While a lot of adults start to use drugs voluntarily for recreational purposes, only around 27% develop SUD. What contributes to these differences in addiction?

  • Genetic factors: Just as with conditions like breast cancer, drug addiction can run in the blood. Studies show that up to 60% of your genes can contribute to struggles with drug abuse and addiction. However, there’s no particular gene responsible for substance use disorder, and you can share the genes responsible for addiction with close relatives like aunts, uncles or grandparents.
  • Environmental factors: These account for 47% of drug use rates in people younger than 18. Being raised by people who abuse alcohol, getting peer pressured into trying drugs or experiencing sexual assault increases your chances of becoming an addict.

Often, genetic and environmental factors combine to determine your level of substance dependence. However, what role, if any, does sex or gender play a role in substance use disorder?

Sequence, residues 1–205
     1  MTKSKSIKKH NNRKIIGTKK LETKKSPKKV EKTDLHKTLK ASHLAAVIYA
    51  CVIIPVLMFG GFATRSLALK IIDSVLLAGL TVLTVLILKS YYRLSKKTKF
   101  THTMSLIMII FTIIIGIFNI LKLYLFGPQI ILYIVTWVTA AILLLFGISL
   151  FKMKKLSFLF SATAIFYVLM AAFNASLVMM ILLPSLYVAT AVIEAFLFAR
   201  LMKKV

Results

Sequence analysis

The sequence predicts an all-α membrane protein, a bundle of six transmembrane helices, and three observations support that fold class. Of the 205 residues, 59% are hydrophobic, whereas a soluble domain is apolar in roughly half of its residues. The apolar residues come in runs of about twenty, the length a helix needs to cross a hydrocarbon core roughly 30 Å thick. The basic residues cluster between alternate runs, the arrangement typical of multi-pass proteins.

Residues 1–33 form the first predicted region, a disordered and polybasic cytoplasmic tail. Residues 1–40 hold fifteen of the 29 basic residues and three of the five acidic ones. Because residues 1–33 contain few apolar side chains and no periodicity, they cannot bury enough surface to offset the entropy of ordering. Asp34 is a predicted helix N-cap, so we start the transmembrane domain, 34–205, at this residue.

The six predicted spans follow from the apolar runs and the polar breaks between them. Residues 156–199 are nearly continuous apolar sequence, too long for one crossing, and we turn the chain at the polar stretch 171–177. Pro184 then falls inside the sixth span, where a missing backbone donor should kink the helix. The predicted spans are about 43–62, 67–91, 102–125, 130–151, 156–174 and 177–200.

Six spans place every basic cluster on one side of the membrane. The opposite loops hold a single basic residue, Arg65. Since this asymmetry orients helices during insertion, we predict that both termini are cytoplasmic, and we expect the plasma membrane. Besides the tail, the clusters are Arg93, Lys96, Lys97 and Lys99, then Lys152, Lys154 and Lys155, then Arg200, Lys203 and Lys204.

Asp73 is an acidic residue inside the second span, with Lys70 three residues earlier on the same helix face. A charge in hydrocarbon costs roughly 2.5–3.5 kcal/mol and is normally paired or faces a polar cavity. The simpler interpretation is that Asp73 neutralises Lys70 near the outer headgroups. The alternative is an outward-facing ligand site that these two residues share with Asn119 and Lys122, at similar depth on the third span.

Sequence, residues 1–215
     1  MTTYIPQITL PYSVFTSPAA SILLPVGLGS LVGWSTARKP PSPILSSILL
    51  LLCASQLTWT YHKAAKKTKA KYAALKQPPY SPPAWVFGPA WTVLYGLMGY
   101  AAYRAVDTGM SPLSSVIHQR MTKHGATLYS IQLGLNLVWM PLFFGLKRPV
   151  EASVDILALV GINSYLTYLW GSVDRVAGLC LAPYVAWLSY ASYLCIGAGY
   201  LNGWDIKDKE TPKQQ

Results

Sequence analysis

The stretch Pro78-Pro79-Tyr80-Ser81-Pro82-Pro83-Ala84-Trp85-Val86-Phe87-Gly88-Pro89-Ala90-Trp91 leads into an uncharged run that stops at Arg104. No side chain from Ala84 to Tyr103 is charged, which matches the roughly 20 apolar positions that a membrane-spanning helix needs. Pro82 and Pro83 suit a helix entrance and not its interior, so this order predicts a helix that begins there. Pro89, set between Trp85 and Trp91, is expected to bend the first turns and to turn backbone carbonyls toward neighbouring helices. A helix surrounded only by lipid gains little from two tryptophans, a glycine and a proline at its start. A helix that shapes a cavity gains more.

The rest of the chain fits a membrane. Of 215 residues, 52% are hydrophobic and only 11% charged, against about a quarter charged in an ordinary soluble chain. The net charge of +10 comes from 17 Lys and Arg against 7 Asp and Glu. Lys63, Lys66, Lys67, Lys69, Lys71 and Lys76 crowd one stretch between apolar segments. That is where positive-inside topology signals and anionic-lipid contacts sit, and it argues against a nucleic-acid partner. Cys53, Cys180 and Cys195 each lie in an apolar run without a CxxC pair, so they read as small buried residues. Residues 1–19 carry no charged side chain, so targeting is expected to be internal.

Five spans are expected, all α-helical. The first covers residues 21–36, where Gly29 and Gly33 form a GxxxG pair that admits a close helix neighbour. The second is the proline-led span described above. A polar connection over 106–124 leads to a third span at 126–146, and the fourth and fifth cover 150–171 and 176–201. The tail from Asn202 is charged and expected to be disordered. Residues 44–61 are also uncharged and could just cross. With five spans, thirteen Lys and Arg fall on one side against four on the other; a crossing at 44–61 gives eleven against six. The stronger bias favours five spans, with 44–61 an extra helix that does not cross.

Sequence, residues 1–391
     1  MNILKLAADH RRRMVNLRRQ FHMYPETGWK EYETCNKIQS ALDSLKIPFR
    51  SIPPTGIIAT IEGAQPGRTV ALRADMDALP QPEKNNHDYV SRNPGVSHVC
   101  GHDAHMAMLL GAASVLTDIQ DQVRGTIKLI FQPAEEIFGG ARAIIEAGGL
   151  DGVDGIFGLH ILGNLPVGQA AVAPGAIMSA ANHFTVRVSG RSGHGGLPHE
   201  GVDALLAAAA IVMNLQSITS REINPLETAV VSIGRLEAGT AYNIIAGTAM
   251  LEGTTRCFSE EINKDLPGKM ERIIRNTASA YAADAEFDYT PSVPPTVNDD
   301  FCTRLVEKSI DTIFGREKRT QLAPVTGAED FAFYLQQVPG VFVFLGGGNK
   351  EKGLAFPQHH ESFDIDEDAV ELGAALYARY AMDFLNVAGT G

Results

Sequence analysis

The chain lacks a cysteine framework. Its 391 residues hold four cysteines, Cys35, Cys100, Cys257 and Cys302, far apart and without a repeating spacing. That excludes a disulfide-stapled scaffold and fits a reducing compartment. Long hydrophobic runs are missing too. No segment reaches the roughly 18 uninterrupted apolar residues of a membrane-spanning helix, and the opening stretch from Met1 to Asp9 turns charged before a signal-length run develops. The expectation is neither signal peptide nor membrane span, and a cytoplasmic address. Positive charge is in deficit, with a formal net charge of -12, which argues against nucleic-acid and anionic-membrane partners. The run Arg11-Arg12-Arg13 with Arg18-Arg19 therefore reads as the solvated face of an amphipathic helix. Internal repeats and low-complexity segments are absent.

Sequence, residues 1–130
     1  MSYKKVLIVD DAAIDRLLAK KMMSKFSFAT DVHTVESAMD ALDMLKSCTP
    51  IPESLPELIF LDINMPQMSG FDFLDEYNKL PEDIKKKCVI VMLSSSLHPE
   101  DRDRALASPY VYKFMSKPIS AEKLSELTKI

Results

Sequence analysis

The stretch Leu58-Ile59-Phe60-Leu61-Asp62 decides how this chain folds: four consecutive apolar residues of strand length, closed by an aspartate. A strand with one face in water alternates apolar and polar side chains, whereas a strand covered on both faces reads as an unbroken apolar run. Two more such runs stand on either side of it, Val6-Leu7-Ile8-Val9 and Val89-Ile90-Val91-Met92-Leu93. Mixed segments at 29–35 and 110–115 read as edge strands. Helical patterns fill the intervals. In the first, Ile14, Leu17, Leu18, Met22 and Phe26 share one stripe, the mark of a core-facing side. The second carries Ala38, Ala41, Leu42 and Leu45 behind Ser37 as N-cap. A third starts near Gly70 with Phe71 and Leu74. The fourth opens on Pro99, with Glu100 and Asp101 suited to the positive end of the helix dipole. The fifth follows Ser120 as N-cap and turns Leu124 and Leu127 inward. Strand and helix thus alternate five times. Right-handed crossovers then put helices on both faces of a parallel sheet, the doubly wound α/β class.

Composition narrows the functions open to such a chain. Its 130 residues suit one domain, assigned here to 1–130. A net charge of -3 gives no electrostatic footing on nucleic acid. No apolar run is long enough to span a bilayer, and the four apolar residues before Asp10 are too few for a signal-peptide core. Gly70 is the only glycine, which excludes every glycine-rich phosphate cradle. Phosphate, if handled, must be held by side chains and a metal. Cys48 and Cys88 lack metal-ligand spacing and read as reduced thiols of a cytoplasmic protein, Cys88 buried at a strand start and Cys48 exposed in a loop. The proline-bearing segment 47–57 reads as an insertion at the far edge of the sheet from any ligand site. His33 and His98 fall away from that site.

Sex and Drug Abuse

The World Health Organization defines sex as a person’s biological and physiological characteristics. Factors such as chromosomes, hormones and reproductive organs determine your sex or, simply put, whether you’re considered male or female.

There are significant sex differences in addiction between males and females. While the former tend to start using drugs at an earlier age, the latter tend to progress faster from initial drug use to addiction. More women use higher quantities of drugs for a longer period compared to men.

Additionally, the effects produced by different drugs differ between the sexes. Studies show that while more males than females use marijuana, males experience greater levels of the “high” induced by weed compared to females. Similarly, marijuana abuse contributes to higher comorbid psychiatric disorders in females than males.